Summer Travel Grants for Research in Latin American, Caribbean, and Latinx Studies

LACLxS offers small grants to support summer research and travel in Latin America and the Caribbean. Grants are awarded on a competitive basis, and the competition is open to all graduate students of Johns Hopkins University.

LACLxS supports projects from all disciplines. The primary purpose of the travel grant scheme is to enable students to pursue academic research on a topic related to Latin American, Caribbean, and/or Latinx Studies. Applications are judged on the basis of the quality of the proposal submitted, the student’s academic standing, and the relationship of the proposed travel and summer research to the student’s long-term academic and professional goals. Grants generally range from $1,000 to $3,000 and are intended to contribute to the costs of airfare, lodging, and minimal research expenses. It is expected that successful applicants will spend at least three weeks in the region.

Upon their return from research travel, all grantees will present their results in a one-day conference organized by LACLxS later in the semester.

Please note that all funded projects will have to comply with Homewood IRB regulations, and it may be necessary to obtain HIRB approval. For further information, please contact the HIRB.

Requirements and Deadlines

Grants are open to any student with a focus on Latin America, the Caribbean, and/or Latinx Studies. Students requiring HIRB clearance for human subjects’ research must receive approval by June 1.

Deadline for applications: March 15, 2024

Decision notification: Mid-April

Required materials:

  • 1-page double-space proposal research statement, which includes the applicant’s name, title of the project, country, and a description of the research to be conducted and how it fits into a larger research project.
  • Budget proposal and budget justification statement. Proposed budget items should relate directly to research and travel, such as transportation, accommodations, conference fees, etc.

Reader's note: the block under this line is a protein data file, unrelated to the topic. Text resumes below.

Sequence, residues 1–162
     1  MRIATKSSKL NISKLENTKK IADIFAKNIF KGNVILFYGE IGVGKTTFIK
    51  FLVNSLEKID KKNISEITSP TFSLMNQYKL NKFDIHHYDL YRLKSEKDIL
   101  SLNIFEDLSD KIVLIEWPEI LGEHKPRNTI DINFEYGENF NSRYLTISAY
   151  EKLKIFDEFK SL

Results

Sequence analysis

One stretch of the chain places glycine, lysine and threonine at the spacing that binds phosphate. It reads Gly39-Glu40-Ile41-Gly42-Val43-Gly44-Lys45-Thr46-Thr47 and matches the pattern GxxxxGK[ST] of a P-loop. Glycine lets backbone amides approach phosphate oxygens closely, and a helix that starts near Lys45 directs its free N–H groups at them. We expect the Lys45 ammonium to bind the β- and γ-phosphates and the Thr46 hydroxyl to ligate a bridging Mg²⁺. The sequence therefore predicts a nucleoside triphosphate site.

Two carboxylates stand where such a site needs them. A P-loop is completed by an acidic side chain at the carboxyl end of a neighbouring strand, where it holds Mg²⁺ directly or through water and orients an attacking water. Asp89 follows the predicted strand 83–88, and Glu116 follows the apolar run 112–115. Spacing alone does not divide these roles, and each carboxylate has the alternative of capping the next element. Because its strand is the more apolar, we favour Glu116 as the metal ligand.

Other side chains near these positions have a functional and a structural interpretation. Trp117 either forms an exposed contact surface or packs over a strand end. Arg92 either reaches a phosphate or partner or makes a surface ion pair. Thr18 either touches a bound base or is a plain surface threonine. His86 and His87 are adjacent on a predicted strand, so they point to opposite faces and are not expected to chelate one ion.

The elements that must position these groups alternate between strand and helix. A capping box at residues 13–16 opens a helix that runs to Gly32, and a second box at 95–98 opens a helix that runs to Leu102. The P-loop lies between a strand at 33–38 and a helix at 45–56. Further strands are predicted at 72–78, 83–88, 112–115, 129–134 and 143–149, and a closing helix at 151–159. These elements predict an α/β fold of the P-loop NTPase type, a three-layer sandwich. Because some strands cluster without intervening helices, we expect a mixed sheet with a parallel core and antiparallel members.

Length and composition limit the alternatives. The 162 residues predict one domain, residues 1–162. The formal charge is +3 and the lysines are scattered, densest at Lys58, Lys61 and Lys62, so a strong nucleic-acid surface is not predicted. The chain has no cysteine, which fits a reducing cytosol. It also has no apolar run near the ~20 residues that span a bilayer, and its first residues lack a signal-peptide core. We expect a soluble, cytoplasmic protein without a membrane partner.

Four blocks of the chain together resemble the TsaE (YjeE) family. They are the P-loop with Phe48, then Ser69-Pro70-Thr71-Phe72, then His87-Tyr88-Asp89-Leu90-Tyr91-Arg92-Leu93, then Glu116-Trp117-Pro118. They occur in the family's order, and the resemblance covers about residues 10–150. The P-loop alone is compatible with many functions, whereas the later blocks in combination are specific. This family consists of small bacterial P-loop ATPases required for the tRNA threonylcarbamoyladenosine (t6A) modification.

• List any additional funding sources you may be applying for.
  • Letter of recommendation from your primary advisor. This must be submitted via email directly by the advisor to Program Director Angelina Cotler.

Please send all materials in one single PDF file to the following e-mail: [email protected]

Previous Summer Research Grantees

LACLxS Summer Research Grantees 2024

  • Rhiannon Clarke, Spanish & Portuguese, Mexico: “Poet in [Mexico]: Spanish Networks of Exile and the Reception of Lorca in Mexico”
  • Jaclyn Dyson, International Health, Guatemala: “Process Evaluation of Maternal-Child Health Interventions in Guatemala”
  • Elena Garcia Fariña, Public Health, Bolivia: “Exemplars in Global Health: Bolivia – Exemplar in Family Planning”
  • Maria Haro, Sociology, Argentina and Brazil: “The Political Economy of Chinese Investments in Argentina and Brazil: The Energy Sector”
  • Leana Mason, Sociology, Grenada: “Jab Jab in Grenada: A Cultural Production of Anti-Colonial Resistance”
  • Alicia Piñar Díaz, Spanish & Portuguese, Spain: “Representing Caribbean Alterity in Contemporary Spain”
  • Isabel Plakas, School of Nursing, Mexico: “La Sala: Mexicali, Mexico. Experience with a Safe Consumption Site among Women Who Use Drugs”
  • Marco Pomini, History of Art, Peru: “Imagining Mediterranean Conflicts from the Colonial Andes”
  • Grant Tore, Environmental Health and Engineering, Chile: “The METALES Study: Measuring Exposures To Agrochemicals and their Link to Renal Disease: Fostering Informed Decision-Making through the Report Back of Environmental Exposures”
  • Alfredo Walls, Spanish & Portuguese, Mexico: “Queering the Archive: Neobaroque and Queer Mexican Literature”

LACLxS Summer Research Grantees 2023 

  • Miranda Bain, International Health: “Why does abortion access vary so greatly between Jujuy and La Rioja provinces, Argentina, despite similarly anti-abortion politics?”
  • Sophie D’Anieri, Anthropology: “Growing with Toxicity: Nourishing Agricultural Lives and Livelihoods along a Polluted River in El Salto, Mexico”
  • Melissa DeSantiago, Environmental Health and Engineering: “The METALES Study:
    Measuring Exposures To Agrochemicals and their Link to rEnal diSease: Using a novel method to assess exposures to chemicals in agricultural work and their role in chronic kidney disease of unknown etiology, Chile”
  • Joao Gabriel, History: “Between the State and Capital: prison reform, the abolition of slavery and the French imperial nation-state (1830-1851) Martinique and Guadeloupe”
  • Fernando López Vega, Anthropology: “Youth dreamworlds in the Orinoco River. Education, energy, and plantations in rural Colombia.”
  • Halle Mackenzie-Ashby, History: “Bound by the Womb: Reproduction, Kinship & Freedom in Barbados”
  • Arman Majidulla, International Health: “What about the community? Examining clean cookstove research among Indigenous communities in the rural Peruvian Andes”
  • Pyar Seth, Interdisciplinary Humanistic Studies Program: “Diagnosing Dreadlocks: Rastafarianism and Medicalization, Jamaica”
  • Maximiliano Vejares, Political Science: “The Origins of State Authority: Theory and Evidence from Chile.”